An Guide to Temperature Controllers For Home Brewing
So far, we've fermented beer in the basement or cabinets of cooler rooms. What if you want to brew a season that requires a higher fermentation temperature, try a bearing ring, or more precisely choose a standard mild beer fermentation? We need a way to control the fermentation temperature.
Temperature control applies not only to beer fermented above or below average. Having the right temperature at the right time can benefit every batch of products.
Homebrewer had to come up with a clever way to reduce the fermentation temperature. Using the "tank cooler" method, place the fermenter in a container of ice water and cover it with a T-shirt. The theory is as follows. The T-shirt absorbs water and evaporates, keeping the beer about 10 to 15 degrees cooler than room temperature. This is a good way to keep the fermentator cold, but with a small investment, you can easily achieve accurate and consistent temperature control.
Like most temperature controllers, most temperature controllers have no unique way to do this. Today, building (or buying) a temperature controller has never been easier. If you want to immerse yourself in your own temperature controller, here's what you need to know.
Types of Temperature Controllers
There are two main types of temperature controllers.
A single-stage temperature controller can control only one output (heating or cooling). The only thing you need to worry about is keeping your fermented beer cool during the summer. This might be possible if you just need to keep the bucket at a constant temperature. Single - stage control is also the ideal choice for bearing rings.
The single-stage controller is not suitable for maintaining constant temperature during strong fermentation. Suppose you are fermenting in a basement of 55 degrees through a single-stage controller connected to a heating element. The temperature is set to 64 degrees, so it will never go below that. But what if the fermentation is active and the temperature starts to rise naturally? You can manually monitor the temperature and then switch from heating to cooling, but that can be cumbersome. Two-phase control solves this problem.
Two-stage temperature controller can control both heat and cold output. In the above example, a two-stage controller is used to start the cooler when the temperature threshold is reached to keep the fermentation chamber at the correct temperature.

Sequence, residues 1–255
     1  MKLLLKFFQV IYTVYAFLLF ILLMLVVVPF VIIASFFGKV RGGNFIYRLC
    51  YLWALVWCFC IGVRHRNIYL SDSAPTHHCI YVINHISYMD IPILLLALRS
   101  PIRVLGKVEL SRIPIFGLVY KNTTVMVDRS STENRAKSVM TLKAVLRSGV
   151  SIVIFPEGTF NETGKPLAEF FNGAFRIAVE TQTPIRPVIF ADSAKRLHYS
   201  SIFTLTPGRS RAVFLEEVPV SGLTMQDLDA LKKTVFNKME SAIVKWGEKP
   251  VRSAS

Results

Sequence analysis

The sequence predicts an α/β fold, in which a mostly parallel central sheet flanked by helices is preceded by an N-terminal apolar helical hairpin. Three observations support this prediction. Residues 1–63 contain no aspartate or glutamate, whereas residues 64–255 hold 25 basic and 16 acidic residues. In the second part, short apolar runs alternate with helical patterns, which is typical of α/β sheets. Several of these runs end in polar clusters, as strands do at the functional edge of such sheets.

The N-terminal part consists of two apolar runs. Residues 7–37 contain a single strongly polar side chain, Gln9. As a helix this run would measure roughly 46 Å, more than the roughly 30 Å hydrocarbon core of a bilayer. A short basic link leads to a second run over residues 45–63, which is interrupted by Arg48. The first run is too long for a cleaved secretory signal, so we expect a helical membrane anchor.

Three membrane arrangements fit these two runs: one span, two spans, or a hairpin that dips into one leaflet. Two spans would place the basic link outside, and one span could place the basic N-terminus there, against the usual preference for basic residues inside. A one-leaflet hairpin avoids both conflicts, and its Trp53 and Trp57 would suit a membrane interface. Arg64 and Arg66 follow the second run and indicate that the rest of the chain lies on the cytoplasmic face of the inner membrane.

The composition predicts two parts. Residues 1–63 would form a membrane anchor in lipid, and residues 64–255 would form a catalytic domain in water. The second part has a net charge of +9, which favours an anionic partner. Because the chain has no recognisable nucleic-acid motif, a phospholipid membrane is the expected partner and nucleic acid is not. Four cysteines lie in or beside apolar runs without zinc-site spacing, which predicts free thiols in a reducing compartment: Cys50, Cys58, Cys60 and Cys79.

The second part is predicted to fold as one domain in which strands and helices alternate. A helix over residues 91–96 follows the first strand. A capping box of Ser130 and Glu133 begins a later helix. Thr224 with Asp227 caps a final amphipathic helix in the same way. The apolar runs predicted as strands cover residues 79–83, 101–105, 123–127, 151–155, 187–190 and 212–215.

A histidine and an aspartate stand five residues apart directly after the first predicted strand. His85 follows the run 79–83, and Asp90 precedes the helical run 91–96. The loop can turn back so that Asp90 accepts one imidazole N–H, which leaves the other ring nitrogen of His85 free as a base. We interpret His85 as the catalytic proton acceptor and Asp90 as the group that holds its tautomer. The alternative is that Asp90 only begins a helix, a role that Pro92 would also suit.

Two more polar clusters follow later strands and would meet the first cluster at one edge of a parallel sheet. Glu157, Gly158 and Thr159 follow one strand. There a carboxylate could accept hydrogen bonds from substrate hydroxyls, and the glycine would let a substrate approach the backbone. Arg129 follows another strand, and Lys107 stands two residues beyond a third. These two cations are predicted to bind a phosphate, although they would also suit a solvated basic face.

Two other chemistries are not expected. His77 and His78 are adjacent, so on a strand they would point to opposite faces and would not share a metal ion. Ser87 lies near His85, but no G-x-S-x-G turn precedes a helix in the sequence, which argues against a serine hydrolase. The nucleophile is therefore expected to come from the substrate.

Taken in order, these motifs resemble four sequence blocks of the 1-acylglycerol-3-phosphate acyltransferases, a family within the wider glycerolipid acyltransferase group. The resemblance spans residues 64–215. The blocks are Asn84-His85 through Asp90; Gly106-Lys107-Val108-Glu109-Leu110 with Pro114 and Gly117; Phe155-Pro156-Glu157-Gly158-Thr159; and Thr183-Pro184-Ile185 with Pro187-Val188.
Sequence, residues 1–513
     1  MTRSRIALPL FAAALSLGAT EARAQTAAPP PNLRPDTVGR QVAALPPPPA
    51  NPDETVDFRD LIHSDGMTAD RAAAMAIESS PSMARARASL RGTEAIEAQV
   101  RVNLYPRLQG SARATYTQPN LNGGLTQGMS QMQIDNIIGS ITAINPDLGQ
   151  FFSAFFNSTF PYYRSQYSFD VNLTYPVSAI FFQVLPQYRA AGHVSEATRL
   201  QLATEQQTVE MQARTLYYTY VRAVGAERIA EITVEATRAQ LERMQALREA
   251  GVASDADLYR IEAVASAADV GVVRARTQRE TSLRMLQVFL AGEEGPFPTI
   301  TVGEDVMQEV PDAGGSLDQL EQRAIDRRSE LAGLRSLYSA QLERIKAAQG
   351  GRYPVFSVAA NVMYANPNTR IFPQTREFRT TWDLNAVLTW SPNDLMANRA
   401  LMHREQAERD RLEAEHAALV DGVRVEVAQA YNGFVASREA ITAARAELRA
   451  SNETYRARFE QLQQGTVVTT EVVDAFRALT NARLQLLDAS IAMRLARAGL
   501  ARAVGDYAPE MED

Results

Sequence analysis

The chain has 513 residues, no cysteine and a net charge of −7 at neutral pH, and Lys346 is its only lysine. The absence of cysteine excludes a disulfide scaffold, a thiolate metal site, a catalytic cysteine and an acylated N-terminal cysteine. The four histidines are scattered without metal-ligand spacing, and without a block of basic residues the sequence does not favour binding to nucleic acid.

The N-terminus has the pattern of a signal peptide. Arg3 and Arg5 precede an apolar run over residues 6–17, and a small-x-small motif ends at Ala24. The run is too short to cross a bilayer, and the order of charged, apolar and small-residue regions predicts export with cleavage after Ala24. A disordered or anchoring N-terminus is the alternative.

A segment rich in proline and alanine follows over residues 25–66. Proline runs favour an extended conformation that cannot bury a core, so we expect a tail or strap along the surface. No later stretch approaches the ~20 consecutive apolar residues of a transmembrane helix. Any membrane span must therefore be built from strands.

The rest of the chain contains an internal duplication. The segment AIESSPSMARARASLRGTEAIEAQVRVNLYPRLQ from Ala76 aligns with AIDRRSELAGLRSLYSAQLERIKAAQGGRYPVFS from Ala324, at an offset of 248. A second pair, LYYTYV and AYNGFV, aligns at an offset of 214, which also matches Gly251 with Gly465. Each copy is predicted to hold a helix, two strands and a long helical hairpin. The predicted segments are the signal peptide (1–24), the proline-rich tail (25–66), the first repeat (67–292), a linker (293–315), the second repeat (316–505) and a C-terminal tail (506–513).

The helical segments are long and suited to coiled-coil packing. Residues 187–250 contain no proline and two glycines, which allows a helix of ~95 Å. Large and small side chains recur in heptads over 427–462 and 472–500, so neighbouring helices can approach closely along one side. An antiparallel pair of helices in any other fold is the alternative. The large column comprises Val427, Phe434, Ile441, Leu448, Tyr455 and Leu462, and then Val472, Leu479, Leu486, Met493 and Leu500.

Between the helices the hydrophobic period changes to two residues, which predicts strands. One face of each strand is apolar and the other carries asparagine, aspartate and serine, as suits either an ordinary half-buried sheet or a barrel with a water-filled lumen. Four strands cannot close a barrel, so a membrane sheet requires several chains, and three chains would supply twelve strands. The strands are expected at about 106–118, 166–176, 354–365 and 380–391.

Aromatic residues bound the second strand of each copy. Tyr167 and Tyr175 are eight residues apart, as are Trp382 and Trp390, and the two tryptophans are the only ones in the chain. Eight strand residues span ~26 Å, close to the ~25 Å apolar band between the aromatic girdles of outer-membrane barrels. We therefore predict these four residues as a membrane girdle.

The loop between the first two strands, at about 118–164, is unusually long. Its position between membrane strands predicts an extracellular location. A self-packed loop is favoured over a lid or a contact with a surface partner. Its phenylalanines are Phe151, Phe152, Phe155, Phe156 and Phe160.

Integrated Digital Temperature Controller
With a digital controller, you can set other variables, such as temperature and temperature differences, which greatly improves accuracy. The digital controller has a digital display. Analog controls are less precise and usually have a temperature change control, but have few other features.
Position of Temperature Probe
All temperature controllers use temperature probes. There is some debate about how to get the most accurate measurements, but two approaches seem to be emphasized.
If you want to measure the temperature of the liquid, you can insert the probe into the liquid. That's the idea of the protective tube. For about $25, you'll get an open plug and a hose from the hose into the fermenter. The temperature sensor is inserted into the pipe. There's also a hood model.
If the temperature sensor is too large to fit into a hot sleeve, or if you want to save money, paste the temperature sensor onto one side of the fermentor and cover all three sides of the glass with foam or bubble wrap.
Finally, someone suggested putting a temperature sensor inside a bottle of water.
Cooling the Fermenter
Freezers or mini-refrigerators are usually used for controlled cooling. If you use a mini refrigerator, look for a single door refrigerator, portable shelves, no freezers or freezers that fold easily. You may need to remove the doorframe to fit the fermenter.
If you are using Chest Root, then read the forum topic on a different model.
If you are buying used items from a refrigerator or mini-fridge, ask the seller to connect them before the evening. That way, when you get there, you'll find it works.
Heating the Fermenter
Since we already have a fermentation chamber, it is easy to heat the fermenter. Commercial products such as brewing tape and FermWrap wrap jeans and buckets and provide heat. They cost about $30. There is, of course, a DIY approach. That's the paint pot heater. To do this, connect the bulb to an empty paint can. When the heater is placed indoors and the light bulb is lit, the room temperature will rise.
DIY or Buy from Store
This can be the biggest problem when buying a temperature controller. With stC-1000, you can buy half the price for the same price. It depends on convenience (and price) rather than saving money, but it takes more time to build something.